To the editor:
Hereditary severe congenital neutropenia (SCN) represents a heterogeneous group of diseases characterized by early-onset life-threatening bacterial infections associated with absolute neutrophil counts (ANC) below 500/μL.1,2 In recent years, different studies have identified germ-line, disease-causing mutations in ELA2, HAX1, GFI1, GCSF3, and WAS genes, which account for the different autosomal-dominant, autosomal-recessive, and X-linked forms of hereditary SCN.2-8 Recently, Boztug et al described biallelic G6PC3 mutations, encoding the catalytic subunit 3 of glucose-6-phosphatase, as disease-causing mutations in a type of hereditary SCN, often associated with cardiac and/or urogenital malformations.9
Here we report the clinical case of a young male Moroccan patient with a syndromic form of SCN resembling that recently described by Boztug et al.9 The patient is a 22-year-old male, fifth son of apparently nonconsanguineous parents, with no family history of the disease (Figure 1A). Since early childhood, he had suffered recurrent bacterial lung infections, which led to bronchiectasis, and severe gingivitis with the loss of several teeth. During his first decade of life, he failed to receive appropriate medical attention and was first referred to us at the age of 11 when he immigrated to Spain. Physical examination revealed a young, undernourished patient with active bacterial infections (orbit cellulitis), with height and weight below percentile 3 and educational delay. Blood analyses detected persistent decreased absolute neutrophil count (50-540/μL) and anemia (Hb 9.5 g/dL), although the latter resolved with iron supplementation. Bone marrow examination revealed a paucity of granulocyte series cells beyond the promyelocyte stage. Bilateral cryptorchidism, an unusual and prominent subcutaneous venous circulation, and an atrial septal defect were detected by physical examination and echocardiography (Figure 1B). A diagnosis of SCN was made, and treatment with recombinant human granulocyte colony-stimulating factor (rhG-CSF) at 5 μg/kg of body weight every 48 hours was started. A successful response was observed in the following months with an increase in absolute neutrophil count to 1000 to 1500/μL and a decrease in infection severity and frequency. The patient is currently receiving rhG-CSF at 7.5 μg/kg of body weight every 48 hours. During follow-up, intermittent and unexplained thrombocytopenia was observed, whereas no clonal hematopoietic disorder was detected.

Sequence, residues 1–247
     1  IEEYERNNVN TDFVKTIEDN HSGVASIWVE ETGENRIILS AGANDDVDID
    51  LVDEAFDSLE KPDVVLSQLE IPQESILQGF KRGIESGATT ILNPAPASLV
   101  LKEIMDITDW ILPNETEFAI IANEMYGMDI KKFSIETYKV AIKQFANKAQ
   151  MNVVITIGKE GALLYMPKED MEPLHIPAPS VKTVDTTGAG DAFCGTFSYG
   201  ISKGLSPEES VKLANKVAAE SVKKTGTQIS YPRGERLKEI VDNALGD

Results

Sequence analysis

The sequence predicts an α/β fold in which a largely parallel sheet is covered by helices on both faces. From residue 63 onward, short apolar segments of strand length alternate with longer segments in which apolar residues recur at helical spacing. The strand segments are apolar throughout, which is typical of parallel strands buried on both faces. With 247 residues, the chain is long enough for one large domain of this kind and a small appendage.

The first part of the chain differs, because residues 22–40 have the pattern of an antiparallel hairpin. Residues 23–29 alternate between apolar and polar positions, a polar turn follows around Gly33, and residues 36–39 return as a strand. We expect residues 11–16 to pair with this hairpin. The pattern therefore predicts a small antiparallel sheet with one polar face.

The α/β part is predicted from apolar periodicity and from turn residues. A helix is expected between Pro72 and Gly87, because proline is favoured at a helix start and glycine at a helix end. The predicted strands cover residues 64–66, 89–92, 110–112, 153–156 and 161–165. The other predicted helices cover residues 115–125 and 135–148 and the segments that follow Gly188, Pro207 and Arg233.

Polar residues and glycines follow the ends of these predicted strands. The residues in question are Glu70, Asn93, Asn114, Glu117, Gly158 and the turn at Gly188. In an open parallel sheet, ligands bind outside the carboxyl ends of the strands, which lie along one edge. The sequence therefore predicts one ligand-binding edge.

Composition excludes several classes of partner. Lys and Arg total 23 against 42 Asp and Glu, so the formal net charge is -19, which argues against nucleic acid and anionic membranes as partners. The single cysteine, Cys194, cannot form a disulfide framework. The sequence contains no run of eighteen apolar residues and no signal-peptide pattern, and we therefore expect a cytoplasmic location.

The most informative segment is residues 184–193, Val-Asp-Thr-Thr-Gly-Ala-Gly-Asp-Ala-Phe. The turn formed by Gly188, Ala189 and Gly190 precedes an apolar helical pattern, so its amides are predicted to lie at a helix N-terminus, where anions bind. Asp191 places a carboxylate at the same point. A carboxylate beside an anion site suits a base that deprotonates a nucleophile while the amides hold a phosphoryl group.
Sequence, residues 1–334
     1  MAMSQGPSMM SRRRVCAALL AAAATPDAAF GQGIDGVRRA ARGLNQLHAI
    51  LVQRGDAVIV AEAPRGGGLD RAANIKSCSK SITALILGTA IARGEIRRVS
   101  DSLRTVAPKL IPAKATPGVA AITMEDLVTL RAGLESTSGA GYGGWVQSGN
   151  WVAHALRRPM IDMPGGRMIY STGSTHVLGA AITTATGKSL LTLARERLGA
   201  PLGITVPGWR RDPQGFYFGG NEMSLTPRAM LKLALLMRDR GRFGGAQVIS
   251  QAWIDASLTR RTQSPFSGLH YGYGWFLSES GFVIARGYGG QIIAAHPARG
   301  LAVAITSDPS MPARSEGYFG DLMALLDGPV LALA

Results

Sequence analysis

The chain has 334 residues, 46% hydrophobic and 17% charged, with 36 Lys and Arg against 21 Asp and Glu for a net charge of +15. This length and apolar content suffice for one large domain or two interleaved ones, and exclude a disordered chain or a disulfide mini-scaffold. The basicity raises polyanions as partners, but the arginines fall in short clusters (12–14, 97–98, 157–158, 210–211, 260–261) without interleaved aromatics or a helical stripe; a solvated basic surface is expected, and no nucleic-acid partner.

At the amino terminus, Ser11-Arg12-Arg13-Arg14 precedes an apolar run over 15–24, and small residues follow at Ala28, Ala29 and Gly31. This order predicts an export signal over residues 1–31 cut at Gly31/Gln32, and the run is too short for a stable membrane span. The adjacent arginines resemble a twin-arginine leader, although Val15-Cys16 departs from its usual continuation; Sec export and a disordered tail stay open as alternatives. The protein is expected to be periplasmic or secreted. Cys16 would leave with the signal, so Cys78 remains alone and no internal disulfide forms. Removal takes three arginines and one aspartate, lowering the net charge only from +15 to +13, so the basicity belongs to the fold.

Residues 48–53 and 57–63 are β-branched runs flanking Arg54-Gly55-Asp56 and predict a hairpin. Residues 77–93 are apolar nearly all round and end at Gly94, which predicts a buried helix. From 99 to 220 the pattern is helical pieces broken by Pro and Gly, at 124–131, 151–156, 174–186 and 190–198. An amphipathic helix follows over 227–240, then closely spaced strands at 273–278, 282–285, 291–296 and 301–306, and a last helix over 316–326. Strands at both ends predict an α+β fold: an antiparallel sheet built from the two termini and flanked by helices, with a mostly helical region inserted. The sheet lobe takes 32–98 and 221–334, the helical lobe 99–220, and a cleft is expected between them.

Sequencing analyses of different SCN-associated genes were performed, after the patient had provided written informed consent. No disease-causing mutations were identified in ELA2, HAX1 and WAS genes, whereas a homozygous 1-bp deletion was detected in exon 2 of G6PC3 gene, resulting in a frameshift at codon 85 and a premature stop codon at 115 (Figure 1C-D). We conclude that this novel G6PC3 variant is a new disease-causing mutation, not a benign polymorphism, on the basis of its detection in a patient with a syndromic form of SCN, its absence among 120 healthy controls and the clear phenotype-genotype segregation observed in this family, consistent with an autosomal-recessive inheritance pattern.
Conflict-of-interest disclosure: The authors declare no competing financial interests.
Correspondence: Cristina Díaz de Heredia, MD, Servicio de Hematología y Oncología Pediátrica, Hospital Infantil Vall d'Hebron, Paseo Vall d'Hebron, 119-129, 08035-Barcelona, Spain; e-mail: email@example.com.
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